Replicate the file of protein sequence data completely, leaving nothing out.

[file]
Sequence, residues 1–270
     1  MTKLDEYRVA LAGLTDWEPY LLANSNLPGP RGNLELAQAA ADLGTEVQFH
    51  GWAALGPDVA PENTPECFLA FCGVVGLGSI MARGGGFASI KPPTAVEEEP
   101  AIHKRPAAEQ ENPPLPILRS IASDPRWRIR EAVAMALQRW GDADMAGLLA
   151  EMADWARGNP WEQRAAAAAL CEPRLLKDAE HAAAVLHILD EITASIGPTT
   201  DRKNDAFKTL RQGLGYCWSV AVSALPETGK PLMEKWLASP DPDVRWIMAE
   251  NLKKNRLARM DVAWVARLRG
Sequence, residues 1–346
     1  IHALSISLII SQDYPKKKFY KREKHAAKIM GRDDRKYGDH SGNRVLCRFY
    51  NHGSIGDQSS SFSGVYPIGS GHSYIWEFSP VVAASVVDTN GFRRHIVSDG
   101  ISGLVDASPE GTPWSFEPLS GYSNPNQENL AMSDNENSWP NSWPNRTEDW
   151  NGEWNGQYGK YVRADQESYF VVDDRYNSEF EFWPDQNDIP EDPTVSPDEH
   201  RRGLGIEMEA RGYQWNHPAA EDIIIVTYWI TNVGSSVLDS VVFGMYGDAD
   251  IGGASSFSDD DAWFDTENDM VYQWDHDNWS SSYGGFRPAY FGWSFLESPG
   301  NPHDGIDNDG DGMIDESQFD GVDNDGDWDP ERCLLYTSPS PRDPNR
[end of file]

Sequence, residues 1–270
     1  MTKLDEYRVA LAGLTDWEPY LLANSNLPGP RGNLELAQAA ADLGTEVQFH
    51  GWAALGPDVA PENTPECFLA FCGVVGLGSI MARGGGFASI KPPTAVEEEP
   101  AIHKRPAAEQ ENPPLPILRS IASDPRWRIR EAVAMALQRW GDADMAGLLA
   151  EMADWARGNP WEQRAAAAAL CEPRLLKDAE HAAAVLHILD EITASIGPTT
   201  DRKNDAFKTL RQGLGYCWSV AVSALPETGK PLMEKWLASP DPDVRWIMAE
   251  NLKKNRLARM DVAWVARLRG
Sequence, residues 1–346
     1  IHALSISLII SQDYPKKKFY KREKHAAKIM GRDDRKYGDH SGNRVLCRFY
    51  NHGSIGDQSS SFSGVYPIGS GHSYIWEFSP VVAASVVDTN GFRRHIVSDG
   101  ISGLVDASPE GTPWSFEPLS GYSNPNQENL AMSDNENSWP NSWPNRTEDW
   151  NGEWNGQYGK YVRADQESYF VVDDRYNSEF EFWPDQNDIP EDPTVSPDEH
   201  RRGLGIEMEA RGYQWNHPAA EDIIIVTYWI TNVGSSVLDS VVFGMYGDAD
   251  IGGASSFSDD DAWFDTENDM VYQWDHDNWS SSYGGFRPAY FGWSFLESPG
   301  NPHDGIDNDG DGMIDESQFD GVDNDGDWDP ERCLLYTSPS PRDPNR